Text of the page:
Panic attacks are episodes of intense fear or apprehension that are of sudden onset and of relatively brief duration. Panic attacks usually begin abruptly, reach a peak within 10 minutes, and are mainly over within 30 minutes, they can be as short as 15 seconds, or can be cyclic, lasting for an extended period, sometimes hours.
Panic attacks are essentially the result of a trigger which causes the body to go into the fight or flight response.
What makes it scarey are the feelings of not being in control, however once a person recognises the symptoms it can be controlled reasonably easily and using mindfulness techniques and hypnotherapy they tend to reduce very quickly.
The following happens during a panic attack:
- Heart beat increases - to get you to run from the problem.
- Breath becomes shorter
- Sweating increases
- Mouth becomes dry
- Digestion becomes irratic and may turn into IBS
- Clear intense panic
- Palpitations, or accelerated heart rate
- Trembling or shaking
- Muscle tension
- Blurry vision
- Sensations of shortness of breath or smothering
- Feeling of choking
- Chest pain or discomfort
- Nausea or abdominal distress
- Feeling dizzy, unsteady, lightheaded, or faint
- Derealization (feelings of unreality) or depersonalization (being detached from oneself)
- Fear of losing control or going insane
- Fear of dying
- Paresthesias (numbness or tingling sensations)
- Chills or hot flashes
- Weakness in the knees
- Tunnel vision
- Blank mind
- Sensing time going by very slowly
- Feeling the need to escape
- Feeling of warmth inside, expanding from within
- Head pressure, unlike headache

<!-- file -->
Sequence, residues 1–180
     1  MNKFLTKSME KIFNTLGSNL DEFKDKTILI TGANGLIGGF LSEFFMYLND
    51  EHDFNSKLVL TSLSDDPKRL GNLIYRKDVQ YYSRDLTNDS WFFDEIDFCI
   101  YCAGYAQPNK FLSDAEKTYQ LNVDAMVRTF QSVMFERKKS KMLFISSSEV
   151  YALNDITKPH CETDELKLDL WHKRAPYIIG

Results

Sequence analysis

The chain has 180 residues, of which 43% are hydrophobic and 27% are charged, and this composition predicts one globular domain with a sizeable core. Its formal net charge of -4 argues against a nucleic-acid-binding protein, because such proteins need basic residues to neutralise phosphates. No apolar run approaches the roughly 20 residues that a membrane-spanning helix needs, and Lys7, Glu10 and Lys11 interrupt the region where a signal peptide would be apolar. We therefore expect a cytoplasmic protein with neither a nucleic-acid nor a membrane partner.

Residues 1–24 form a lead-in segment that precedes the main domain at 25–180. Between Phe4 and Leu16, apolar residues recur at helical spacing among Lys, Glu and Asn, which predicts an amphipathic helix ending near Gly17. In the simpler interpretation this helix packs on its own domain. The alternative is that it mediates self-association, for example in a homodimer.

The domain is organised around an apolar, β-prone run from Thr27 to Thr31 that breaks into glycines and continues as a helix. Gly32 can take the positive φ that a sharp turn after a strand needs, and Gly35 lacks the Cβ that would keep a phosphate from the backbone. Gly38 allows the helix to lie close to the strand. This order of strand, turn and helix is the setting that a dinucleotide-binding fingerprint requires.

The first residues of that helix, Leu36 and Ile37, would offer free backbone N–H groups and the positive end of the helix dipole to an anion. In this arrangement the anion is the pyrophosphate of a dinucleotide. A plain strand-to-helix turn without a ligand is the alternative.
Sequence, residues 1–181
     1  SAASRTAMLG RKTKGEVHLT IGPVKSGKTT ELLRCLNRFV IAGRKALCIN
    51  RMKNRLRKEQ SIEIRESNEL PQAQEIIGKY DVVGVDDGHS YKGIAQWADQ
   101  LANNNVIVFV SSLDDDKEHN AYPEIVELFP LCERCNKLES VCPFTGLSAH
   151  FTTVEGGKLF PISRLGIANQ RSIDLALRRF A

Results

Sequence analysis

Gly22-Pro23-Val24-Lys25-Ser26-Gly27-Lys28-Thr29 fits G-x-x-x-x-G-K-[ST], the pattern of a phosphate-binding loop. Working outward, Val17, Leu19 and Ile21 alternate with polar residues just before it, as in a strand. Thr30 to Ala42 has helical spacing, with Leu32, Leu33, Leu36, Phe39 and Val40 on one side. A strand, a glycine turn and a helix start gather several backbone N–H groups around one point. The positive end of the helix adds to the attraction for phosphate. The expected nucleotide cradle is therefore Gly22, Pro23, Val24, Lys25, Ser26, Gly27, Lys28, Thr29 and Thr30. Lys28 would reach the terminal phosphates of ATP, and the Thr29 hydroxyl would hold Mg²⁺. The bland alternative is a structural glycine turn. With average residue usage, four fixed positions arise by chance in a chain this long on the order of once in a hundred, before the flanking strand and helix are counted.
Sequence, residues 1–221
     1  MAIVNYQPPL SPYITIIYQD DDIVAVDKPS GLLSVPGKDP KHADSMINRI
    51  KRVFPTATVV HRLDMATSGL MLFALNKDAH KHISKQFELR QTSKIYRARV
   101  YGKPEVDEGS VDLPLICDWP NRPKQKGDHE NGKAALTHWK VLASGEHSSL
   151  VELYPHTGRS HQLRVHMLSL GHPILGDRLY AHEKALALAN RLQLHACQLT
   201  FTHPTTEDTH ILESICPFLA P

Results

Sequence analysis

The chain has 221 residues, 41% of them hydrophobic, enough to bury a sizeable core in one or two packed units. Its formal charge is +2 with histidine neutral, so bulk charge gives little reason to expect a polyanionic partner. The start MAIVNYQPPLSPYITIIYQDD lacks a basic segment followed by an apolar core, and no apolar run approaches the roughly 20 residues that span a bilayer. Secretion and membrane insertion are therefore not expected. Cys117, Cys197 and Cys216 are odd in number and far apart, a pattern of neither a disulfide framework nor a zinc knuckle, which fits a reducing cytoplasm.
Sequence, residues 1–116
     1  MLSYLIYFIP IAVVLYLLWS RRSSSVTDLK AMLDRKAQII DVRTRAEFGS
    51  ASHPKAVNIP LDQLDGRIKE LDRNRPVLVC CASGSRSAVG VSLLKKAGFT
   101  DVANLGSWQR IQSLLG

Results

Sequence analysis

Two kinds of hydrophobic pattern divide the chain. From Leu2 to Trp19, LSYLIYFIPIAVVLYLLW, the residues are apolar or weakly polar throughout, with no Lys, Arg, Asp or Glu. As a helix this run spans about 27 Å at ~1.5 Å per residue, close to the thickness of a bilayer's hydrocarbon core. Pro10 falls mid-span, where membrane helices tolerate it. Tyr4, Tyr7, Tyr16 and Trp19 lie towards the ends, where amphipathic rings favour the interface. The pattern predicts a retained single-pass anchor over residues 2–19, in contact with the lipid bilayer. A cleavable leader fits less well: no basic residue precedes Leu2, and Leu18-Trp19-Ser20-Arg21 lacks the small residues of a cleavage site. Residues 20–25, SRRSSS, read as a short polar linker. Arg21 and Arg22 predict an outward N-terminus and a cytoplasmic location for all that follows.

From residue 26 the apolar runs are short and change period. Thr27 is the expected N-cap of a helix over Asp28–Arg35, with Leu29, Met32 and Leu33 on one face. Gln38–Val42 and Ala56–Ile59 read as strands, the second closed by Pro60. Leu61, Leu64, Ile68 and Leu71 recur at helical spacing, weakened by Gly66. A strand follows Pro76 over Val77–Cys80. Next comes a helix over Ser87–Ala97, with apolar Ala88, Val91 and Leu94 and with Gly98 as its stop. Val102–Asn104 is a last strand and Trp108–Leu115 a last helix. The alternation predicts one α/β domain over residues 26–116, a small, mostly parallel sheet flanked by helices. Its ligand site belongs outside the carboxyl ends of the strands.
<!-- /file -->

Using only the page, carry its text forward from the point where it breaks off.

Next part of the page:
Treatment of Panic Attacks
Many panic attack sufferers as well as doctors recommend breathing into a paper bag or hands as an effective short-term treatment of an acute panic attack. However, this treatment has been criticised by others as ineffective and possibly hazardous to the patient, even potentially worsening the panic attack. They say it can fatally lower oxygen levels in the blood stream, and increase carbon dioxide levels, which in turn has been found to be a major cause of panic attacks.
Using hypnotherapy, relaxation, mindfulness and sometimes CBT can help change the triggers, can help control the episodes and help reduce the anxiety. Sometimes a person can realise what might be causing the panic attacks and come up with solutions to help them deal with them if they arise.
In women, Estrogen has an inhibitive affect on the stress-hormone cortisol. When estrogen is too low during the menopause or in cases of eating disorders, levels of cortisol rise, raising blood pressure and blood sugar, and causing panic disorder. Estrogen also has an important affect on serotonin, which is responsible for happy, balanced moods. Estrogen helps to stimulate the production and transportation of serotonin around the body, and prevents its break down.
Finally, hormonal fluctuations during menopause cause panic disorder due to drops in the hormone progesterone. Progesterone has been shown to have a calming, soothing affect on the brain, and low levels of progesterone (in combination with the hormonal changes described above) can cause panic disorder.